Aug 27, 2014 at 15:08
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    \$\begingroup\$ @VladimirCravero I currently work in a factory for power transformers and rectifiers. We have sometimes made ​​such connections. \$\endgroup\$ Aug 27, 2014 at 17:07
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Your solution will work (is valid), except for the safety aspect of it. To take care of this, you must add, in series with the input windings, a 15 ma 800V AC fuse. This will prevent a possible "runaway" condition which could destroy the transformers and possibly cause a fire or an explosion!

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With identical theoretical transformers there is no problem.

With supposedly identical real transformers there could be problems. I can envisage that the primary inductance (this drives the transformer action) could be different by up to 30% compared to another and if 4 were 15% low and 1 were 15% high, this transformer would see significantly more primary voltage when wired in series.

Think of it like 4 resistors of value 85 and one resistor of value 115 - together they add up to 455 and the fraction of voltage across the 115 resistor will be 25.3% or, as a fraction of 600 VAC, will be 157 volts. Not a vast deal more on the face of it but, if that transformer starts to saturate then it's going to get warm and may in fact burn out.

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  • \$\begingroup\$ What about balancing resistors? Can that actually work? \$\endgroup\$ Aug 27, 2014 at 14:38
  • \$\begingroup\$ @VladimirCravero The primary inductance might be 3 henries (because they are small transformers) and at 60 Hz this is an impedance of about 1131 ohms - think about how warm the balancing resistors are going to get. I don't think the primary inductance of a small transformer may get much above 10 henries but it's all down to what the OP is looking at - he may have something that is 30 henries but still, balancing with "R" is gonna fry-up a lot of watts LOL. \$\endgroup\$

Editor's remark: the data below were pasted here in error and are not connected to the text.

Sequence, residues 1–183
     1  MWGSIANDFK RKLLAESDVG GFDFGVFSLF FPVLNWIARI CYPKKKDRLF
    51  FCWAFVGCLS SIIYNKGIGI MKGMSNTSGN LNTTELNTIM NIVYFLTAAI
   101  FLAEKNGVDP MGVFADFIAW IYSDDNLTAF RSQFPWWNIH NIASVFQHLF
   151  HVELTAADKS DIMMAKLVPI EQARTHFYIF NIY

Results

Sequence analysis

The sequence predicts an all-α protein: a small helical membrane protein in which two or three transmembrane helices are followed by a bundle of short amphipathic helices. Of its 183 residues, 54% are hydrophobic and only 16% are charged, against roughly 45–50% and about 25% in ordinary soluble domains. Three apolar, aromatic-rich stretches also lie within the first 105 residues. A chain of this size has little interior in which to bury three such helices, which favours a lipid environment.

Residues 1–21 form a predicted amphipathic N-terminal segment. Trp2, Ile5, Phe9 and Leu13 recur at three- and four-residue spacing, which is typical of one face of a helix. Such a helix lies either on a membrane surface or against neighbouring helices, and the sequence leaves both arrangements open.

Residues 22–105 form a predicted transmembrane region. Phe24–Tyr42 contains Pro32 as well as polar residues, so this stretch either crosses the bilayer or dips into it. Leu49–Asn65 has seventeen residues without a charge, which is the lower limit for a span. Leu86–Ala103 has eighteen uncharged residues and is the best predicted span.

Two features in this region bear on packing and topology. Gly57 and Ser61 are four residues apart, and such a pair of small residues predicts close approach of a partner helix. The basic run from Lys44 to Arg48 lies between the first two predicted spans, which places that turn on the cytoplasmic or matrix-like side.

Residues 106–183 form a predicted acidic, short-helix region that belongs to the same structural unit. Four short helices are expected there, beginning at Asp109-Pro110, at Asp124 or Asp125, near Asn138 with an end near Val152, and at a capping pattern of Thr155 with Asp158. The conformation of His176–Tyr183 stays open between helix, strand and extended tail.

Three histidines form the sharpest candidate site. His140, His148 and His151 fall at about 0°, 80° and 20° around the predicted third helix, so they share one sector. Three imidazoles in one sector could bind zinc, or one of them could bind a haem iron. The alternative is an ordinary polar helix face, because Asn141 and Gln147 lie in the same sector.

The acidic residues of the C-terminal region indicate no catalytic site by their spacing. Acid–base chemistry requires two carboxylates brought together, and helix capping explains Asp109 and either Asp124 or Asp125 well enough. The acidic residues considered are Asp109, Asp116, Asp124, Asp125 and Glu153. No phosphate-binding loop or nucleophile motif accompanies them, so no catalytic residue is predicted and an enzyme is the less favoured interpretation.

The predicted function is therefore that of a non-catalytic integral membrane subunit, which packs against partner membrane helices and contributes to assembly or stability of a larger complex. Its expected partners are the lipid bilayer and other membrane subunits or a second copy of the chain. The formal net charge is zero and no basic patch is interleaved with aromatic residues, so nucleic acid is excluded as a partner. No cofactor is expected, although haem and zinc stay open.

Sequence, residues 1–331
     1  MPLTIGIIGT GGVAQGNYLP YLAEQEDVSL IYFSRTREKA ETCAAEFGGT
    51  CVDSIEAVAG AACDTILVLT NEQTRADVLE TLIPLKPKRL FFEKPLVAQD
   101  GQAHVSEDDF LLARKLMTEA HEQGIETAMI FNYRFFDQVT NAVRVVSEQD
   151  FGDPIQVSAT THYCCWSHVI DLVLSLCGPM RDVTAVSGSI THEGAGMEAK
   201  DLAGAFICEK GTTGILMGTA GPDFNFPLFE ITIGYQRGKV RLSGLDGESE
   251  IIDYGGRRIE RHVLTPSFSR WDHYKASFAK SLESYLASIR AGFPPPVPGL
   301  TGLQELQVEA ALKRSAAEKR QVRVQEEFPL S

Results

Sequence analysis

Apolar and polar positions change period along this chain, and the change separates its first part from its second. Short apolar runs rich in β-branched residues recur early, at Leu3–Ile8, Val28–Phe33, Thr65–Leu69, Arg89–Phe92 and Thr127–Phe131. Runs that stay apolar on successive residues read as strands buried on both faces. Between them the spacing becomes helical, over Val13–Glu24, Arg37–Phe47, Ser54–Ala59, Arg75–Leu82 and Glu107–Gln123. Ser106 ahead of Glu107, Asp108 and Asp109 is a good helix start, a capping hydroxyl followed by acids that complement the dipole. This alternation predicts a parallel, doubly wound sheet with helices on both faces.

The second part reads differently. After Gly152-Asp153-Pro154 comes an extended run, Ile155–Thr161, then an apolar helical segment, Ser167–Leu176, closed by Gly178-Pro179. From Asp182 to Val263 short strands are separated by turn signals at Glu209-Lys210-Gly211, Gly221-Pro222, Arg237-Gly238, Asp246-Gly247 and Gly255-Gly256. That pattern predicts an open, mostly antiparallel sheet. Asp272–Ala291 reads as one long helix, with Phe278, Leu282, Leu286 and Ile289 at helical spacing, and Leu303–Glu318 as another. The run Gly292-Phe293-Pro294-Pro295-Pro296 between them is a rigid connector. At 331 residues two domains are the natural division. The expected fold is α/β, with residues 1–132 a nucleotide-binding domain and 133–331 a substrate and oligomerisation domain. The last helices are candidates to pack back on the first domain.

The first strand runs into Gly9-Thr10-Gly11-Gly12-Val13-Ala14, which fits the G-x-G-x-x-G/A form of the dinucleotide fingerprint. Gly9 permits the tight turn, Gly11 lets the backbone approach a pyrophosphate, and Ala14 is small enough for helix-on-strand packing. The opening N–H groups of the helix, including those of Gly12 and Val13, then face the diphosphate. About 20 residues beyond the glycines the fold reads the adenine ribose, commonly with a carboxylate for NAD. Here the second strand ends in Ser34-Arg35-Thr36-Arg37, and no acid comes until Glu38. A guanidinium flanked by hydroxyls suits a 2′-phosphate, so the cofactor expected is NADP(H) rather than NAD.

– Andy aka
    Aug 27, 2014 at 14:41
  • \$\begingroup\$ So the way to go is "use enough transformers to be safe". \$\endgroup\$ Aug 27, 2014 at 14:43
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    \$\begingroup\$ @VladimirCravero - I'd match them by connecting two across 120VAC and checking the centre point is 110VAC then step and repeat to get 5 reasonably matched primaries. \$\endgroup\$
    – Andy aka
    Aug 27, 2014 at 14:45
  • \$\begingroup\$ I don't know why you think the characteristics would vary so much. The inductance is primarily (pun intended!) a function of the number of turns in the winding and the permeability of the core, both of which are rather tightly controlled in the manufacturing process. Also, core saturation is a function of current, and since the windings are in series, the current must be the same throughout. \$\endgroup\$
    – Dave Tweed
    Aug 27, 2014 at 15:00